"The Ubi Duo will be everywhere, in a job setting, a social setting and other settings where there are deaf people, and you will see hearing and deaf people simply chatting with each other face-to-face over a cup of coffee without a third party having to interpret for them," Jason said.
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Unread 06-14-2006, 11:55 PM   #2 (permalink)
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Neat! But isn't this supposedly what the cochlear implant is for? My fiancee would much rather use these than a cochlear implant, though.
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Unread 06-15-2006, 12:56 AM   #3 (permalink)
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Here is their website.

http://www.scommonline.com/
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Unread 06-15-2006, 06:20 AM   #4 (permalink)
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Quote:
Originally Posted by gnulinuxman
Neat! But isn't this supposedly what the cochlear implant is for? My fiancee would much rather use these than a cochlear implant, though.
Naw, I rather have the CI...as you can see I'm rather biased...

Anyway, an interesting device. I hope that helps people.
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Unread 06-15-2006, 10:59 AM   #5 (permalink)
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As long there's an interpreter shortage, people will be coming up with interesting ways to address it and deliver communication related products to the deaf communities.

More products are on the way including some new gadgets that will debut at our 'enchanted garden of accessories' at our Orange County Fair booth next month.

Richard
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Unread 06-16-2006, 07:01 PM   #6 (permalink)
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Quote:
Originally Posted by Nesmuth
As long there's an interpreter shortage, people will be coming up with interesting ways to address it and deliver communication related products to the deaf communities.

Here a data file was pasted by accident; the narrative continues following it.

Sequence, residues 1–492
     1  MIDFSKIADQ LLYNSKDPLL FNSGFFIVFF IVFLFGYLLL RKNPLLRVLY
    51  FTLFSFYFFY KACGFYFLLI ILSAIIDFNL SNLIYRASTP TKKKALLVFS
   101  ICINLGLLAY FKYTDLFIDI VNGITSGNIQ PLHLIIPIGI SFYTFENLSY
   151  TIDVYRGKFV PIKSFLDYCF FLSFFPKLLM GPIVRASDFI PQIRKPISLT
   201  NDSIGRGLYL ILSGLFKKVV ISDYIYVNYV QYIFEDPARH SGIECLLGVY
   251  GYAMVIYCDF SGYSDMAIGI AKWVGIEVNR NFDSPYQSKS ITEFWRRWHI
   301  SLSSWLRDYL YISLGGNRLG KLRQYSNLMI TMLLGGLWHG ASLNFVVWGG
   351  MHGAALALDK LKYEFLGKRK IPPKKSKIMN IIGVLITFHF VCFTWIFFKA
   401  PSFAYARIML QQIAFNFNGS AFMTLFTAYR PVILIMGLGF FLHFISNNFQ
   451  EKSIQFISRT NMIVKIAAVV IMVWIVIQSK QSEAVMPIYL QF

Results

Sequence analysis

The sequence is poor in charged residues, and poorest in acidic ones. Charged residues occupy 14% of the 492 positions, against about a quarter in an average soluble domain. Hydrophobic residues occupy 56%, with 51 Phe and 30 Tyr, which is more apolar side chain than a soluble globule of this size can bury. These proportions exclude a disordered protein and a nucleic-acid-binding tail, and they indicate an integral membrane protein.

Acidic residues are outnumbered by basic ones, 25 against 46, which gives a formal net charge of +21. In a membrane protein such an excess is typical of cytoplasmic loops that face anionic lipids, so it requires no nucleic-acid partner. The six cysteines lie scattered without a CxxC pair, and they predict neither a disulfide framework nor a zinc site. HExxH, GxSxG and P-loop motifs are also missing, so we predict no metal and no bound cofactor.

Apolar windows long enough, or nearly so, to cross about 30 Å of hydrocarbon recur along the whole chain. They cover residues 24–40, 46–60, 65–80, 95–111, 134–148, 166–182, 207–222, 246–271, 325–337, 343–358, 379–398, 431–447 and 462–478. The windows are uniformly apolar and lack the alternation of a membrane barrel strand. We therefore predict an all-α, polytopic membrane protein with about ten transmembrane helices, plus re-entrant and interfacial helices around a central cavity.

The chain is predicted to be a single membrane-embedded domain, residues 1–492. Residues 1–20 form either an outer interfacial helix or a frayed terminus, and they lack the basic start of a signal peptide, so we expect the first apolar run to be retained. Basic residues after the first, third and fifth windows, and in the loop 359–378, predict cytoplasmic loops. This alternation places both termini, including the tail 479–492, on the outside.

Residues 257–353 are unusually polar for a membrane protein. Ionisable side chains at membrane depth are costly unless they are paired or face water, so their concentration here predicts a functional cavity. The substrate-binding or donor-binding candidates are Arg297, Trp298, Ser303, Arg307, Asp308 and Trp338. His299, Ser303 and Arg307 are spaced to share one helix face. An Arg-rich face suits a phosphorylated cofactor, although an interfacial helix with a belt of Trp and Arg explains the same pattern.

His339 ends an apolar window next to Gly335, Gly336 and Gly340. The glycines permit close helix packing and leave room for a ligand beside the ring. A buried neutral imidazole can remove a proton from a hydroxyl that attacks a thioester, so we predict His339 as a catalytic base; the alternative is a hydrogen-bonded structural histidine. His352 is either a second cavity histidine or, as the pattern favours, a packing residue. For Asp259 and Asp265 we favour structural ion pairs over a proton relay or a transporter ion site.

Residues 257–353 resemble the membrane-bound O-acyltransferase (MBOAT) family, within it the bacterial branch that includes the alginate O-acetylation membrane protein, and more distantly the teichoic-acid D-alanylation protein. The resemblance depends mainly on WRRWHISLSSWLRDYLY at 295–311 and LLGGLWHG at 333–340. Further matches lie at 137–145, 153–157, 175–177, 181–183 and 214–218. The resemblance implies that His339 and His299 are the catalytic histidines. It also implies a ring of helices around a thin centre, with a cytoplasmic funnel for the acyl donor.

More products are on the way including some new gadgets that will debut at our 'enchanted garden of accessories' at our Orange County Fair booth next month.

Richard
hahaha...I recall you saying that deaf people depend on other people for communication needs (this "Big Deaf" thing you posted elsewhere)... Is there anything wrong with using this?
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Unread 06-16-2006, 08:55 PM   #7 (permalink)
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Quote:
Originally Posted by Nesmuth
As long there's an interpreter shortage, people will be coming up with interesting ways to address it and deliver communication related products to the deaf communities.

More products are on the way including some new gadgets that will debut at our 'enchanted garden of accessories' at our Orange County Fair booth next month.

Richard
I Can see the use for them, but I do hope it doesn't put me out of a job when I graduate and get certified. I doubt they will though. There will probably be those deaf people who don't like the idea, or would rather have an interpreter, be it for personal or financial reasons. I know that some deaf students in my school (I think we currently have five deaf students in the 300 enrolled currently) have become pretty good friends with the interpreters, and request to have the same interpreter for as many classes as possible. Then again, one of the deaf alumni ended up marrying her interpreter.